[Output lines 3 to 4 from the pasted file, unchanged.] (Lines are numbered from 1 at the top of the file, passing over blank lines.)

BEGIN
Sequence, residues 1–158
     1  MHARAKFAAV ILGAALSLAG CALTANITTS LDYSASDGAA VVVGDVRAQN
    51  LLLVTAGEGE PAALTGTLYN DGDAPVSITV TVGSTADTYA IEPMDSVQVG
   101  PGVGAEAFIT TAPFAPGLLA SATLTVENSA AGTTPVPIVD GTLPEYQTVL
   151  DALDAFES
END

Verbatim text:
    51  LLLVTAGEGE PAALTGTLYN DGDAPVSITV TVGSTADTYA IEPMDSVQVG
   101  PGVGAEAFIT TAPFAPGLLA SATLTVENSA AGTTPVPIVD GTLPEYQTVL